Quantum Computing Inc. Receives Third NASA Subcontract Award

Quantum Computing Inc. a first-to-market nanophotonic-based quantum technology company, today announces a subcontract award from Bay Area Environmental Research Institute (BAERI) to build and test for NASA Ames an innovative photonic sensor instrument to provide accurate measurement of atmospheric particulates such as clouds, aerosols, smoke flume, volcanic ashes, etc., in order to identify physical properties including size, shape and chemical composition. This award represents the third distinct task order from NASA and is the second research center within NASA to subcontract with the Company. Delivery of the photonic sensor is expected during the first quarter of 2024.

QCi, through its wholly owned federal contracting subsidiary, QI Solutions, will perform this work under a subcontract from BAERI. BAERI is a scientist-founded non-profit research institute, headquartered within NASA facilities, and dedicated to promoting and enabling scientific research in atmospheric and space sciences. The objective of the project is to build and test a new photonic sensor instrument that can provide a more accurate measurement of scattering when laser light travels through clouds and aerosols than is possible with existing instruments. Under the nine-month subcontract, QCi will deliver a compact system, programmed to process a substantial amount of data that can support standalone operations for days, and designed to be powered by a 12-volt battery that consumes no more than 30 watts of power. In addition, QCi will generate reports that will detail the operation of the system in a realistic environment, provide the range of parameters and offer predictive analyses on future enhancements with a possible long-term objective to position these instruments for field deployment to create a monitoring network.

Dr. William McGann, QCi Chief Technology Officer commented, “This proposed instrument includes innovations in both optical systems and in the physics principles behind the measurement concept. Current state-of-the-art instruments use optical components that have existed for many decades and are big and clumsy. The proposed instrument will use state-of-the art optical components developed in the quantum optics community, to measure the optical properties (extinction coefficient and backscatter coefficient) of clouds and aerosols at multi-wavelengths. We use the optical property data to derive physical properties (particle size, cloud water content, particle number concentrations) and the chemical composition of clouds and aerosols (smoke, fog, gas). This approach is expected to be a significant improvement over existing instruments because it will measure both forward and backward scattering and multiple forms of polarization simultaneously. The benefits of this instrument are considerable, producing far greater accuracy in situ measurements of cloud and aerosol extinction coefficients from aircrafts.”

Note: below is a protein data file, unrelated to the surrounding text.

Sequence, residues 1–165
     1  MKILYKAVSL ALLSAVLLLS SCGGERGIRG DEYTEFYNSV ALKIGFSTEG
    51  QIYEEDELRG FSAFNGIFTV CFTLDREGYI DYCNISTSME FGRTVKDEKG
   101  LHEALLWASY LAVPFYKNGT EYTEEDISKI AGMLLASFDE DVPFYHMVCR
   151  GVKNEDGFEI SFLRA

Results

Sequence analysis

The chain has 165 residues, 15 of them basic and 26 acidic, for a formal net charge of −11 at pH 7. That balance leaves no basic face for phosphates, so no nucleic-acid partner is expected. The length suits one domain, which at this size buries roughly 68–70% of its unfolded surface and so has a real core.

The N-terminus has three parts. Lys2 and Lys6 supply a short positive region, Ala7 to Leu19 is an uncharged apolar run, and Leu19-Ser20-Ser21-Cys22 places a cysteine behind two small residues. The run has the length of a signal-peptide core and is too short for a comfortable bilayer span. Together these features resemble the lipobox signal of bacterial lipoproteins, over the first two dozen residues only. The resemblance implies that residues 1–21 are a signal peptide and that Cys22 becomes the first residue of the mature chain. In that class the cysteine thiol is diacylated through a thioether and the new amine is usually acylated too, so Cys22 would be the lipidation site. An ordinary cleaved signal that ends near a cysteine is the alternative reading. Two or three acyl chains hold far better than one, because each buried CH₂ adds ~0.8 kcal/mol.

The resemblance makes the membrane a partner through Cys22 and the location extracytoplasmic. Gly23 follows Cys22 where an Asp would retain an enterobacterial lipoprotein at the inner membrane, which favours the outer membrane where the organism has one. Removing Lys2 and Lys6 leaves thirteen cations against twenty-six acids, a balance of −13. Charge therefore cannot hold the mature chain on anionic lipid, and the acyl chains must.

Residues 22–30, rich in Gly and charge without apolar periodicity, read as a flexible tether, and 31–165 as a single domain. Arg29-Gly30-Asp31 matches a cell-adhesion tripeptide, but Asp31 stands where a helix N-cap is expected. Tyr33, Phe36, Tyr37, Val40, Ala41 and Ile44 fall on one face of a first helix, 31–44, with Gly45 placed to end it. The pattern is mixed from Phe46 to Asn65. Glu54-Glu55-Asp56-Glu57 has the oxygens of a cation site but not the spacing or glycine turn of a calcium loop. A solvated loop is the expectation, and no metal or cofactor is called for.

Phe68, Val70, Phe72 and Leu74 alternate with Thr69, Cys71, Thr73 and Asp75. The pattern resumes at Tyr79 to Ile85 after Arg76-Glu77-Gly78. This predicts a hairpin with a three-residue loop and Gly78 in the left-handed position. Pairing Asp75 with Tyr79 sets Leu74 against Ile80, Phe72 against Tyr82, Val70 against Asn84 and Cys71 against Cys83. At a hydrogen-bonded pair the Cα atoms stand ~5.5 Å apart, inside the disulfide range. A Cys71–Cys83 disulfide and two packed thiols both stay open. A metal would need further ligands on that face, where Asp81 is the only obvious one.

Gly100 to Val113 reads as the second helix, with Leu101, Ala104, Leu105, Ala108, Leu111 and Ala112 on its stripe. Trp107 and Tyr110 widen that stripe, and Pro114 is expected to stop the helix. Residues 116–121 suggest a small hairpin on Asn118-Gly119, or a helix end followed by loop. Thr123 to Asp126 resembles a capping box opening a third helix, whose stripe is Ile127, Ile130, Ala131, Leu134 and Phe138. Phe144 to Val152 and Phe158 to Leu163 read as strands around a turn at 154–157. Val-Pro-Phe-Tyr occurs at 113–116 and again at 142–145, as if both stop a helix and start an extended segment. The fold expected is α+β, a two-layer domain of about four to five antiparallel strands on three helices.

Dr. McGann added, “Once fully commercialized, market applications are numerous. In the industrial domain, the technology could play a big role in gas emission monitoring, petroleum processing, chemical and fertilizer manufacturing. In the civilian domain, it could help fire fighting, pollution monitoring, and weather forecasting. For defense, the photonic sensor could be used for battlefield assessment, particularly in areas of gas detection. Consistent with all the Company’s products available today and planned for in the future, QCi systems are built for easy, scalable, and versatile use with favorable size, weight, power, and cost combined with increased connectivity and capacity, decreased training bias, and strengthened security.”

“This is our third distinct task order from NASA in four months and it highlights our ability to leverage QCi’s core proprietary photonic capability across a range of products.  In the case of NASA, we were contracted to deliver three capabilities to two different NASA research centers. Our first two engagements contracted earlier this year with NASA Langley Research Center located in Virginia afforded us the opportunity to showcase our powerful and highly secure photonic LiDAR as well as our reservoir computing capability. We were tasked to deliver LiDAR that demonstrated improved measurement and data processing proficiencies, which in combination with reservoir computing produces high-ranging spatial resolution and image fidelity at great distances through challenging environment conditions.  In this new engagement with NASA Ames located in Silicon Valley, we will apply QCi’s photonic laser technology to identify the composition of particles with much higher spatiotemporal resolution in their natural positions in the atmosphere,” commented Sean Gabeler, President of QI Solutions.

“NASA’s Ames Research Center, one of ten NASA field centers, conducts world-class research and development with core expertise in aeronautics, astrobiology, lunar exploration technology and science. The center employs over 2,300 research personnel and has an annual budget of $860 million.  We are eager to begin work with such a distinguished world-renowned group.” Mr. Gabeler continued, “The compensation we receive from these engagements to develop unique product applications provides the roadmap for future large-scale deployment to assist NASA and forms the basis for creating prospective potential commercial opportunities and future product launches for QCi.”